Wednesday, July 30, 2008

Couldn't Let This Go

Looks like it's going to be a two-post kind of day (woohoo!). I try to peruse the Wichita Eagle's site everyday in an effort to stay informed of what is going on in my hometown (re: make sure it hasn't been wiped off the face of the earth). Even though the city as a whole has a tendency to be slightly behind the power curve of progress (Kellogg, anyone?), I still marvel at the level of buck-toothed, cross-eyed, sister-fucking, redneck hick that some people are still able to achieve despite having opposable thumbs.

After living in California for almost five years now (which bans smoking in all bars, restaurants, and almost all public places), I can attest to how nice it is to go out and not come home smelling like an ashtray. Following that vein of enlightenment, Wichita has decided to push through legislation to ban smoking in public places. Businesses can actually become exempt from the ban by doing three things:

1) Not allowing patrons under 18 years old
2) Posting signs that warn about second-hand smoke
3) Paying a $250 fee.

Given both the cream-puff means of achieving an exemption and the fact that there is even an exemption at all, you would think this would be a non-issue. Progress, however, can be a four-letter word, and this instance is no exception. Take this little nugget plucked from the comments section of today's article covering the smoking ban:

"This Puritanical mindset that there are "those people" that Know best for the rest of us Fools what is good for us and what is bad is a desease. It's a virus. A Cancer. The gov't has no business legislating health, safety and moral issues. Smoking, helmets, seatbelts, volume are items of personal choice. If you ride a motorcycle and don't wear a helmet, you're on your own. Same thing with Seatbelts. Smoking is None of the Gov'ts business. Absolutely None of it's business. The Goodie-Two-Shoes that are spearheading this need to find their own island and move there and revel in their "Inalienable rights to Life, Liberty and the pursuit of butting into other's business. Being elected doesn't mean that You have a corner on righteousness."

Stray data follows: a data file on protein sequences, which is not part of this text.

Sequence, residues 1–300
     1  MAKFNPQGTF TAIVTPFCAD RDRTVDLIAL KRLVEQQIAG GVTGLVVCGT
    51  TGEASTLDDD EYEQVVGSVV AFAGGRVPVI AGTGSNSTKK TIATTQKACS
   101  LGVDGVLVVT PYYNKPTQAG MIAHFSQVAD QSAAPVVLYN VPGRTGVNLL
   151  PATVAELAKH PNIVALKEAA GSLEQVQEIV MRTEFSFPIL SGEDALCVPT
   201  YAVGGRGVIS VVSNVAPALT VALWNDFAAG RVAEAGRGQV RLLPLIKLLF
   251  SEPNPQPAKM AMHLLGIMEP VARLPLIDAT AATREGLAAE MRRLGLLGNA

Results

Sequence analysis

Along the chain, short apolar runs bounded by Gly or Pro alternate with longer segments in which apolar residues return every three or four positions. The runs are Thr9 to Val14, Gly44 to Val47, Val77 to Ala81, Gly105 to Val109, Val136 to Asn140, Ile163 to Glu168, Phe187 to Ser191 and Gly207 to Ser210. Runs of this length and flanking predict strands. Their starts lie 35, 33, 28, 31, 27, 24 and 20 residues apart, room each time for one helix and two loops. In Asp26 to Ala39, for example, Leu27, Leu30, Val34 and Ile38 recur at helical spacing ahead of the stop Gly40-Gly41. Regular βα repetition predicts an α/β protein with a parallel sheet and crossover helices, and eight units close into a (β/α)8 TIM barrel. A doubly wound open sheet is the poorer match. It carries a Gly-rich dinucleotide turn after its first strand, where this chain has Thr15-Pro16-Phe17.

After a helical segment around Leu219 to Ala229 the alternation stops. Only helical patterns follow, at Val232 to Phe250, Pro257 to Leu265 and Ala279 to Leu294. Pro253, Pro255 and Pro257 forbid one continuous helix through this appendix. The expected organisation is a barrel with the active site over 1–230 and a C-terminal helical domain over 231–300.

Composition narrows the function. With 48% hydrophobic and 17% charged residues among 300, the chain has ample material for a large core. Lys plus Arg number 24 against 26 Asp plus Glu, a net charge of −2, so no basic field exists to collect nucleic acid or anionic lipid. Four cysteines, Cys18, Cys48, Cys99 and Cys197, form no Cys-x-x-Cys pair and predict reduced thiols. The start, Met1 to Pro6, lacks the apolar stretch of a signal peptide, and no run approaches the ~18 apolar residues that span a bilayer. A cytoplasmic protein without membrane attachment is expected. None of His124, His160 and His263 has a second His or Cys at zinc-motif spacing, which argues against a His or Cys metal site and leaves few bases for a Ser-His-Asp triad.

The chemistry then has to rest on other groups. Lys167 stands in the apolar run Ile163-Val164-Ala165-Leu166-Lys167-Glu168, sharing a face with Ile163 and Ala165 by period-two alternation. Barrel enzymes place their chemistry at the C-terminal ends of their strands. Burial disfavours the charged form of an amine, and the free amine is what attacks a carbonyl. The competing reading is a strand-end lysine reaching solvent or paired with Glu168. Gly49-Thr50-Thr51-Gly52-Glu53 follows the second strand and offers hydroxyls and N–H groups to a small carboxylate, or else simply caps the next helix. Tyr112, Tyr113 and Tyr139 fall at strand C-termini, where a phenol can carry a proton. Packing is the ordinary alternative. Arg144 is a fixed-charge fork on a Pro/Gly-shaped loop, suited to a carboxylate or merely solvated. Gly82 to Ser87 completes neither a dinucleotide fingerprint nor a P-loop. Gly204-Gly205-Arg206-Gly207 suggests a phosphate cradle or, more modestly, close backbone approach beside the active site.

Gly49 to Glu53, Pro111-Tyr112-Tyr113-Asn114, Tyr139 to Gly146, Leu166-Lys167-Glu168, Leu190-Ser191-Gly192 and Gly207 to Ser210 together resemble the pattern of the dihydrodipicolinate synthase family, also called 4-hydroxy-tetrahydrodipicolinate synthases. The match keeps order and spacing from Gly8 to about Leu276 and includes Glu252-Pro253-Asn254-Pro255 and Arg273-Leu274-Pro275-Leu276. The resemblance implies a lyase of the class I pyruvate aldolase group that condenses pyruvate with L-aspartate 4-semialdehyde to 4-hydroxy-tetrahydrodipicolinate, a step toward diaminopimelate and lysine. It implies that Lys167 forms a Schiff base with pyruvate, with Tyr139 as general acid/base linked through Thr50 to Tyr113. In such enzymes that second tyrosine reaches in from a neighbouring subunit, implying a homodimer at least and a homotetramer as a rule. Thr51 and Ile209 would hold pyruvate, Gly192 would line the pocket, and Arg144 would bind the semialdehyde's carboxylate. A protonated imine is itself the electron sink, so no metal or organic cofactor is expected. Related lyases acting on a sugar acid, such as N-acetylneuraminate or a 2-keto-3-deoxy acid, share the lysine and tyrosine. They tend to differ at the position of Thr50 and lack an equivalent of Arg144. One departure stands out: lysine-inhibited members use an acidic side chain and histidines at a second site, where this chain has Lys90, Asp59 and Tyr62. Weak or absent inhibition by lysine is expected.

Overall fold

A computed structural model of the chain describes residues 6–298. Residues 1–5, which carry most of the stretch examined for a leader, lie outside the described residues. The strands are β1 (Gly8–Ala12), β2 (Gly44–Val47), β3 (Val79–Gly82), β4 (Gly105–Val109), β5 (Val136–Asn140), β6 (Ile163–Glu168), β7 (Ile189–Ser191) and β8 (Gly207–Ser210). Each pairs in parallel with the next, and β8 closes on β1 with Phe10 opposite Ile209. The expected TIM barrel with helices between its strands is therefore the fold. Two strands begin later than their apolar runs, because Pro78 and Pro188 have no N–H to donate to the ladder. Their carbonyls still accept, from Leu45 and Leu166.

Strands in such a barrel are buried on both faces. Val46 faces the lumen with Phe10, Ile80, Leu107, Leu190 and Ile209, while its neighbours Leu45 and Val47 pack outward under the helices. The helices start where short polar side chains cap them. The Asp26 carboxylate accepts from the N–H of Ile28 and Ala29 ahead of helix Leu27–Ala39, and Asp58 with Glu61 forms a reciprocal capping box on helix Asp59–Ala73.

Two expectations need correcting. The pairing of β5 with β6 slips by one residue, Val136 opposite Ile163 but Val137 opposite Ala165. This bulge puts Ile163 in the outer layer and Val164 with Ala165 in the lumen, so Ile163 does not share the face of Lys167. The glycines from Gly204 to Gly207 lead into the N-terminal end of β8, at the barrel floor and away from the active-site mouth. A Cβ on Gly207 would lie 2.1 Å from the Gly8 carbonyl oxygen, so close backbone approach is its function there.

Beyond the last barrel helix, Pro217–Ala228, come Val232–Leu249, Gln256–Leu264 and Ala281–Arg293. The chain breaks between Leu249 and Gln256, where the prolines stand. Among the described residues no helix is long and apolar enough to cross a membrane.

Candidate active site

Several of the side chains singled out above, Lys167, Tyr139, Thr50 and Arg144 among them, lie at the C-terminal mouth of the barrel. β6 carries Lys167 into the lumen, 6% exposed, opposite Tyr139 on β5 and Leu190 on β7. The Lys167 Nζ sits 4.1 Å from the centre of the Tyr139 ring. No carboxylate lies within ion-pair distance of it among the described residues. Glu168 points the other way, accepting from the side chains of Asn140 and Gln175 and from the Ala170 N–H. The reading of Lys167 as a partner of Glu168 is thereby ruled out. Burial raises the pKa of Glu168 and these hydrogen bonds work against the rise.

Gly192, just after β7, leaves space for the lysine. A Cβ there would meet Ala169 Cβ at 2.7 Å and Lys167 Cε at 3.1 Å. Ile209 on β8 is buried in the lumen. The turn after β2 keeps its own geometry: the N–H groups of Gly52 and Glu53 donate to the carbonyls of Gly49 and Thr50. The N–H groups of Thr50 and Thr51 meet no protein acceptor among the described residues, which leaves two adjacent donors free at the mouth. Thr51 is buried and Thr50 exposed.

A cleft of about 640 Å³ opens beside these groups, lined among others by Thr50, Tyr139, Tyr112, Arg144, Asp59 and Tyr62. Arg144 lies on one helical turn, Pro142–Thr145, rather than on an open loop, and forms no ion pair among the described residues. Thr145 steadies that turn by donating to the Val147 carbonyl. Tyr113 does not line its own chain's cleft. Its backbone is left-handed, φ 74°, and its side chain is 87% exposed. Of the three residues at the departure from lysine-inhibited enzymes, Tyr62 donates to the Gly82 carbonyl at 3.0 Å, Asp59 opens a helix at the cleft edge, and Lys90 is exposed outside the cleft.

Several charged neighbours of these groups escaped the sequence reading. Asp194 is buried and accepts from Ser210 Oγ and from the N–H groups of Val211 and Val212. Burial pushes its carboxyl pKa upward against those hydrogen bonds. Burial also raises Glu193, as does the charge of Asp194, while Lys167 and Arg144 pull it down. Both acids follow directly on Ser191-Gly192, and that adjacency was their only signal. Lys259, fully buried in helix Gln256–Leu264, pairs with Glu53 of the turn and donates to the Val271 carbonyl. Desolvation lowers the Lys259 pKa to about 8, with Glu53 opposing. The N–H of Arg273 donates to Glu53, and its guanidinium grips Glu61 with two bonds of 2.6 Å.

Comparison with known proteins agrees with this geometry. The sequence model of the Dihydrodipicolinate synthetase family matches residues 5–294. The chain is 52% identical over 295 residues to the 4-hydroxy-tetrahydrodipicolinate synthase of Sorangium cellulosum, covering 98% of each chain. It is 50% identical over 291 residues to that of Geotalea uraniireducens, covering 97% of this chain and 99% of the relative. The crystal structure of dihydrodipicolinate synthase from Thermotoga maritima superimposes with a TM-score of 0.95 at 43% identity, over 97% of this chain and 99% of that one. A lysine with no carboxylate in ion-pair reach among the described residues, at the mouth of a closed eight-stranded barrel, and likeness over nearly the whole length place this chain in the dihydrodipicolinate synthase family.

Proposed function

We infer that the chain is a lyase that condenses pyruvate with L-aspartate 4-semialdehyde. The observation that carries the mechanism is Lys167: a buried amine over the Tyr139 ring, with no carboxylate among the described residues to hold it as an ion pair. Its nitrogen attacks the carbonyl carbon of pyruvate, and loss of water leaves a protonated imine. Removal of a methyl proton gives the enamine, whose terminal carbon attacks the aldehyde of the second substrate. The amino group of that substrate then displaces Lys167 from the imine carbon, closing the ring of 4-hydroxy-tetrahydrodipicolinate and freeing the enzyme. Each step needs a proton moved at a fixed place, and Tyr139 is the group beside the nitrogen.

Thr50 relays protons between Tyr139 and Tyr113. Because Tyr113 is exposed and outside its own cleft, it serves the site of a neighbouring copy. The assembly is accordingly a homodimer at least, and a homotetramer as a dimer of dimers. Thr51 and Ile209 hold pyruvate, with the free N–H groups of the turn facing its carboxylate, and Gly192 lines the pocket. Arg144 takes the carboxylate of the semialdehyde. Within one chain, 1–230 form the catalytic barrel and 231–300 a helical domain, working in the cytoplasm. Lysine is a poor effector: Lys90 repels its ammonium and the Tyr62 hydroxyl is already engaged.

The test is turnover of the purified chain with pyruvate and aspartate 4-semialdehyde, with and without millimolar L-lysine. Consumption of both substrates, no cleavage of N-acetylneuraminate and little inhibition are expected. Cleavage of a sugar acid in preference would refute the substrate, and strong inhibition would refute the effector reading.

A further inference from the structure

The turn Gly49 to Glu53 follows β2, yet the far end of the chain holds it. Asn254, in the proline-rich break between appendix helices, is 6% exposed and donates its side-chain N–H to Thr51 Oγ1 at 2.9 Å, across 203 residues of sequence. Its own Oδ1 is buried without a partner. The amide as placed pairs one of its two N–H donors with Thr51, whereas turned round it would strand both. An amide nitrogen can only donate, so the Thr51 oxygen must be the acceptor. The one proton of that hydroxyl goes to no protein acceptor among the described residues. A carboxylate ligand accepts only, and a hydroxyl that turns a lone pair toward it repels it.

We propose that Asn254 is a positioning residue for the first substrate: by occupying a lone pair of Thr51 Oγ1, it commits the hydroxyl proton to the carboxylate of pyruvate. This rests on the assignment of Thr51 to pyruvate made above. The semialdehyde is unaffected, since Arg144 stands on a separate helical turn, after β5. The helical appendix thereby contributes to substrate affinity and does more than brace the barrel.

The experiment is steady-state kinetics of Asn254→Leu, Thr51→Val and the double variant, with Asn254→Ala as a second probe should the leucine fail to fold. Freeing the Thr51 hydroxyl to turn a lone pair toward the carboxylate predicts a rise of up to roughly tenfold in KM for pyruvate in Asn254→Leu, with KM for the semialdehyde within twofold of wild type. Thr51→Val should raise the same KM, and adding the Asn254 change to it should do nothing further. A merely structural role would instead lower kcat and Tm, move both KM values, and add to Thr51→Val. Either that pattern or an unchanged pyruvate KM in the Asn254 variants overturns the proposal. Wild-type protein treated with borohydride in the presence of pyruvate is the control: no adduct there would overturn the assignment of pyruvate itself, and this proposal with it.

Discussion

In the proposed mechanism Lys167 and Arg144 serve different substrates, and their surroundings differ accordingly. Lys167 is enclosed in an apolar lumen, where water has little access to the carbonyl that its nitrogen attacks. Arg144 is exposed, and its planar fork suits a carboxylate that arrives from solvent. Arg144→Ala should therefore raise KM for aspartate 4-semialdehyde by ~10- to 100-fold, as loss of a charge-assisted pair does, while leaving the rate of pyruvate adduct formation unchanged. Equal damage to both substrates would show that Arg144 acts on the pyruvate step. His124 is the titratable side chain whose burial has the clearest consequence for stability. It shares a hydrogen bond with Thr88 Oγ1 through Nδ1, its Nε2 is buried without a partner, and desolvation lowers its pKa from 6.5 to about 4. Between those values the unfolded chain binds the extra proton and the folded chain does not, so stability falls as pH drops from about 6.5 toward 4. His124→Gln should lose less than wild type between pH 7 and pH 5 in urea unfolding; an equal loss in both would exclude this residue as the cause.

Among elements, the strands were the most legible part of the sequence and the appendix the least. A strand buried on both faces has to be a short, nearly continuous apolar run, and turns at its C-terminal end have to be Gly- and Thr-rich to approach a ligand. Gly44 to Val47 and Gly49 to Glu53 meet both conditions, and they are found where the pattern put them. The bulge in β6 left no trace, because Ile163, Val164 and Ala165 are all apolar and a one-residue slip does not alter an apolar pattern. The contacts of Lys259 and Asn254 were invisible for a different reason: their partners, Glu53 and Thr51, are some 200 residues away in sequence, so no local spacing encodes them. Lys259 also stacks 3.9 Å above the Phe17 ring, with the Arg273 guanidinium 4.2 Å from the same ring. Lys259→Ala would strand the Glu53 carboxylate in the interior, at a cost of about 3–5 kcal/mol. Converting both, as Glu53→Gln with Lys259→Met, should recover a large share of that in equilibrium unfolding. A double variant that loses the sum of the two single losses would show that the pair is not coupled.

To be quite honest, knowing that someone is able to function while maintaining this level of absolute stupidity makes me sad for the human race. If this idiot could pull himself away from Fox Noise Channel for five seconds, he might realize the inherent flaws of his argument. First, the purpose of any regulation is to ensure safety, period. Why are there laws enforcing the use of seat belts? Because otherwise people like this would be killed in accidents heading to the store for more Cheese Whiz (on second thought, that might not be a bad thing). Second, if the government did not have health regulations in place, guess what that would mean? It would be perfectly legal for someone to put whatever the hell they wanted into your cigarettes. Battery acid? Of course. Mercury? Sure. Arsenic? Why not. Again, regulations are in place so that people are not out killing each other all the time. I guarantee if this asshole got salmonella from a restaurant he would change his tune about health regulations in a heartbeat. Finally, I do have to partially agree that legislating morality is a slippery slope at best. However, I am fairly confident in assuming this guy means legislating his morale views, not those of society as a whole. He is probably anti-abortion, pro-capitol punishment, and for mandatory minimum sentences for drug offenses. And guess what, those all deal with regulating morality.